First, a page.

“In October 1909 a little family, father, mother and just-grown-up daughter, were on board the S.S. Lusitania, leaving America to go and live in England. With them was an old woman with a beautiful, patient face covered with those deep wrinkles which make the faces of Irish and Breton peasants so much fuller of character and life than can be the most carefully lifted faces of fashionable women. She was dressed in a long, full, black dress; the skirt was gathered at the waist, the straight bodice with its row of buttons was covered by a cape on which were sewn innumerable black sequins, jet beads and dingle dangles. Her silvery hair was drawn straight back into a little knot surmounted by a small Victorian black bonnet with a tiny ostrich feather. The daughter and young man, evidently an old friend of the family, were spending the time before the vessel sailed, in showing this old woman over the ship, pointing out to her the cabin which she was to share with the daughter, the great stairways and dining saloon, the lounge, the sun-parlour, the huge smoke-stacks and ventilators. The young people appeared to be hanging on the old woman’s lips, but no words came from them. They were so anxious to learn the old woman’s impressions because, seventy-five years before, a half-starved girl of fifteen, she had crossed from Liverpool to America in the steerage of a sailing ship.
Those terrible seven weeks had given her a horror of the sea and of ships, and she had never been on the Atlantic until now, when she found herself a first class passenger on the Lusitania. The young man and girl wanted to know what she thought of it all. But she had nothing to say, only looked about her in a dazed fashion. No efforts of showmanship could coax a word from her. It was nearly time for visitors to leave the ship. And then the old woman spoke, in a wondering voice that was yet full of a gentle conviction. “Little Susy” (her pet name for the girl, her last nursling), “Little Susy, I know just how they made this boat.” That was what they were waiting for. “Yes, Nana, do you really?” “Yes, Susy – they copied it exactly from the Ark!” Then in a reverent tone she added, “I know no men could have thought of such a ship – they just took the Lord’s directions out of the Bible!”
So opens Harriet Ide Keen Roberts’ tribute biography of her beloved nanny, published by Macmillan in 1936. For all its sentimentality, I think it would be hard to better that passage, written in adulthood by “Little Susy” (Harriet) when she came over to England with her Irish born nanny. That little girl would later be at a dinner honouring the career of a woman (her husband’s new boss) who, six years after Nana sailed, was to travel on the final ill-fated voyage of the S.S. Lusitania, almost losing her life off the coast of Ireland.
The book is full of charming, poignant and humorous stories told by her Nana, of life in America, of the famine years in Ireland, and of her voyage on the three masted Johnnie Albert from Liverpool to Philadelphia with its three hundred passengers, plus horses, mules, chickens and pigs.
It is also one of the few sources we have on Harriet’s early years, to which we now return. She first lived in Philadelphia at first on the west toward the edge of the city, on Walnut Street between 42nd and 43rd Streets, (some period buildings still remain) then “in a big house near Rittenhouse square” which the family had to leave when she was 4, when her father’s cloth manufactory business failed (circa 1889)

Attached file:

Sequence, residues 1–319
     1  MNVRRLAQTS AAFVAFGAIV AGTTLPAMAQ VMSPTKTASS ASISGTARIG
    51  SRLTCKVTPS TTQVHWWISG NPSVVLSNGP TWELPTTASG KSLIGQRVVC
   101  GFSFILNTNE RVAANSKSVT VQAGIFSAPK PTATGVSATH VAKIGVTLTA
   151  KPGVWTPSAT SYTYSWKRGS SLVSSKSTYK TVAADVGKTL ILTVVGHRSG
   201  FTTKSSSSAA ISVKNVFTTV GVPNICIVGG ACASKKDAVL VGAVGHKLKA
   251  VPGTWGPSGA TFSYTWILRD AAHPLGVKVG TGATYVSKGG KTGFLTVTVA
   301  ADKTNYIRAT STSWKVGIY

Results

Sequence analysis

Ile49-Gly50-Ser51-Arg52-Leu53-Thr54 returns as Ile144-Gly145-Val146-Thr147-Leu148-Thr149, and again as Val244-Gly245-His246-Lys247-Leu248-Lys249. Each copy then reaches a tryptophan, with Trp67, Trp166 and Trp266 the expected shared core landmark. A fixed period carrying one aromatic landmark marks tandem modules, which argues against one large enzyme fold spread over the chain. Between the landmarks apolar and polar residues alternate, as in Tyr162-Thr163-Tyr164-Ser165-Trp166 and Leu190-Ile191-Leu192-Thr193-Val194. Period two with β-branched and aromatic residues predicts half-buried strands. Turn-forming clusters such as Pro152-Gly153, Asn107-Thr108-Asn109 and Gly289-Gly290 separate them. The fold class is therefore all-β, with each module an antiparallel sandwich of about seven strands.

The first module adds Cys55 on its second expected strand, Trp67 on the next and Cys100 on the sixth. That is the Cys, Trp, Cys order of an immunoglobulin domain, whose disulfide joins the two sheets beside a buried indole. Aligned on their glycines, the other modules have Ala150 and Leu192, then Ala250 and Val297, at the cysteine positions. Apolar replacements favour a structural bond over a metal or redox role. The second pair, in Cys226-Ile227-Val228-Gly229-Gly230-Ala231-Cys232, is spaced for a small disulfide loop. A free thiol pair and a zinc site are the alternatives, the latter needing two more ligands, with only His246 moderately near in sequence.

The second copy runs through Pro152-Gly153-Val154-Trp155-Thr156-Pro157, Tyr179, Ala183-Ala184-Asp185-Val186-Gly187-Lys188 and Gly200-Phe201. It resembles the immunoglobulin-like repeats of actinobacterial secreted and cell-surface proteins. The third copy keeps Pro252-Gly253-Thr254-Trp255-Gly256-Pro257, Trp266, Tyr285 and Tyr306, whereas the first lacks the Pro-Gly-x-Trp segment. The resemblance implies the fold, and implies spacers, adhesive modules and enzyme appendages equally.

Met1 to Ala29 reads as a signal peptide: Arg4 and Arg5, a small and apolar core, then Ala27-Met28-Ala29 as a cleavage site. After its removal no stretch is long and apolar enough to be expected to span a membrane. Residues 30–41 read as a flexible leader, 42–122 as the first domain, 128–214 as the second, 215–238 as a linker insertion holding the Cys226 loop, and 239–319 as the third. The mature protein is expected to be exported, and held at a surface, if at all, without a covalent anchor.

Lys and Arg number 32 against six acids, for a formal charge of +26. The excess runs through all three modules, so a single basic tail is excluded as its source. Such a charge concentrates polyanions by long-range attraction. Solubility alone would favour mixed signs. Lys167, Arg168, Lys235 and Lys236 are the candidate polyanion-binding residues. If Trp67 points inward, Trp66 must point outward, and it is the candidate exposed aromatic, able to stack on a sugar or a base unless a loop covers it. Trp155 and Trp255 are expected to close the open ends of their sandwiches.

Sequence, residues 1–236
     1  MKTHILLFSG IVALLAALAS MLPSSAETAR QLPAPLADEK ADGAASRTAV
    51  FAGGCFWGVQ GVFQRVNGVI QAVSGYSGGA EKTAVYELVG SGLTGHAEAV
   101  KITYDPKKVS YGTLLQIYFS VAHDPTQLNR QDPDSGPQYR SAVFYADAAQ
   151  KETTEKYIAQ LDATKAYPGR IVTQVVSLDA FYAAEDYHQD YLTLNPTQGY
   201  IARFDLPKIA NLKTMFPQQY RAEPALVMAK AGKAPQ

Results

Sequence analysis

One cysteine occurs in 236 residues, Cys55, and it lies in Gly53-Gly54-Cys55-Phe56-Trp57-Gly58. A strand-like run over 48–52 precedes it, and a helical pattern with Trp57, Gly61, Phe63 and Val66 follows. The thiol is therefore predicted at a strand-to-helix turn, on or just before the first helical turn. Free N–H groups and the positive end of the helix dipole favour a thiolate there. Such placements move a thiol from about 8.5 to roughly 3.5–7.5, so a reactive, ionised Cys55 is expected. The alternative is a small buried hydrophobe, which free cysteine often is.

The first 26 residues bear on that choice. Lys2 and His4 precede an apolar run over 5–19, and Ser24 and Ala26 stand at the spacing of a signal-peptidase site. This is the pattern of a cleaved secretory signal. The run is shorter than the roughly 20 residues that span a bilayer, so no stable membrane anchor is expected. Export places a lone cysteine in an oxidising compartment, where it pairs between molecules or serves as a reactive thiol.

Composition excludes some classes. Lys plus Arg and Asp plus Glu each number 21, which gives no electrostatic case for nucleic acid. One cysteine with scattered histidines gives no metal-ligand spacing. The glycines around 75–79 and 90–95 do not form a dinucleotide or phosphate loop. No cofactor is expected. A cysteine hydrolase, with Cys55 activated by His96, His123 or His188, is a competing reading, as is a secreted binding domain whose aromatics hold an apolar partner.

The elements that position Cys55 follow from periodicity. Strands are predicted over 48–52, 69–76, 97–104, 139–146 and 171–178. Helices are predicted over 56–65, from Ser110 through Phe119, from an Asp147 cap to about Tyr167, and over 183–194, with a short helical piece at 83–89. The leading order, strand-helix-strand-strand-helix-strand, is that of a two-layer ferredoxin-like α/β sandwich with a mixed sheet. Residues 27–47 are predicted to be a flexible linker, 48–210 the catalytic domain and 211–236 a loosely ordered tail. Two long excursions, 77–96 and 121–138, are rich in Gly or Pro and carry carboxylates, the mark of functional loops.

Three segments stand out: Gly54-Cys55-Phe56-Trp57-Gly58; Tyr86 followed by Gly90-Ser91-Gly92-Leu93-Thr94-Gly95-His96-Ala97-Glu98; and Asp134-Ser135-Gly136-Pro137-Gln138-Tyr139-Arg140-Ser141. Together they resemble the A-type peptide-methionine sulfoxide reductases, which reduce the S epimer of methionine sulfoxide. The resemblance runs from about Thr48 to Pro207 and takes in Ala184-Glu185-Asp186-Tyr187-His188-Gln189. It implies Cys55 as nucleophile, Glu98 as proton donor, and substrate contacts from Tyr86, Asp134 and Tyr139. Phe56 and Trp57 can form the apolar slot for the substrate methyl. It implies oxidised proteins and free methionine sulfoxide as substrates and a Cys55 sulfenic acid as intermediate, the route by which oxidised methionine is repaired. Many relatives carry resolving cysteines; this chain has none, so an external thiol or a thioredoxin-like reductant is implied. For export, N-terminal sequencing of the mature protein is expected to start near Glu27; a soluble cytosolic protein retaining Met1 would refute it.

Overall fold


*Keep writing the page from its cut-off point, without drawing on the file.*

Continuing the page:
By 1900 the Keens had moved to Evanston, Chicago before they moved to Europe in March 1908.
“We began our London life in lodgings in (we called it “on”) Clarges Street, just off Piccadilly. I was in a state of wild delight at the beauties of old London. I tried to make Nana share my enthusiasm, but she would have none of it. When I pointed out Devonshire House, with its lovely old Georgian façade and great wrought-iron gates, Nana only sniffed. “I call it a miserable low-down kind of a building!” she said, evidently comparing it unfavourably with the Flat-Iron Building or some other American skyscraper. (p53 of Nana)
The Lord Mayor’s Show received a withering put down from Nana:
“I’ve lived in Williamsport, Pennsylvania, and I’ve seen the Butchers’ Parade, and the Firemen’s’ Parade and Fourth of July Parade and England has nothing to show me!”
However Nana was rather impressed with the London Underground, mainly, in Harriet’s view, because it was built by an American engineer, Charles Tyson Yerkes, and partly because Chicago – where Harriet had been living for fourteen years (c1895 – 1909) – had to build overground railways because of its unsuitable sandy and marshy soil.
As for Ireland, when Nana was offered a trip back to her native land she replied that she never wanted to see “that mean beggarly country again”. (p17)
We learn that Harriet’s great uncle, and family physician, was the famous old Philadelphia surgeon W.W. Keen (p72) and that her “hair was as straight as the Red Indians who probably figured in my ancestry, as our earliest emigrant ancestor had grants of land along the Delaware before William Penn”. (p74) It shows in Harriet’s passport photograph I might suggest.
By 1911 Harriet and her parents were living at Cannon Lodge, Cannon Place, Hampstead, a Grade 2 listed, 18th c detached house, with Nana (Catherine Loftus, age 75, born County Sligo, her maiden name retaken after a tragic marriage in her younger days), another Irish born servant , from County Cork, and a Horsham born servant.
We shall look for more of Harriet’s writings.
In October 1939, shortly after WW2 had started, Harriet and Richard emigrated back to her country of birth, departing from Bordeaux, reapplying for her American nationality and moving this time to the West Coast, living in Carmel-by-the-Sea, Monterey. Harriet outlived Richard by almost two decades, dying in 1971.
I think she would have got on well with Eleanor Farjeon.
 William Hepburn
 With many thanks to Elizabeth Hepburn Anderson for further information on Harriet’s family.
 John Fothergill, An Innkeeper’s Diary, first published 1931,The Folio Society, 2000 p167
 As noted in Catherine Clay, British Women Writers 1914-1945: Professional Work and Friendship, Routledge, 20.9.2017, p58
 Though I think Nana would have been 75 in 1909 as Nana migrated to America in the late 1840s, more like 60 years earlier – a minor quibble.
 The Bodleian Library, Oxford, has papers of both Harriet and Richard.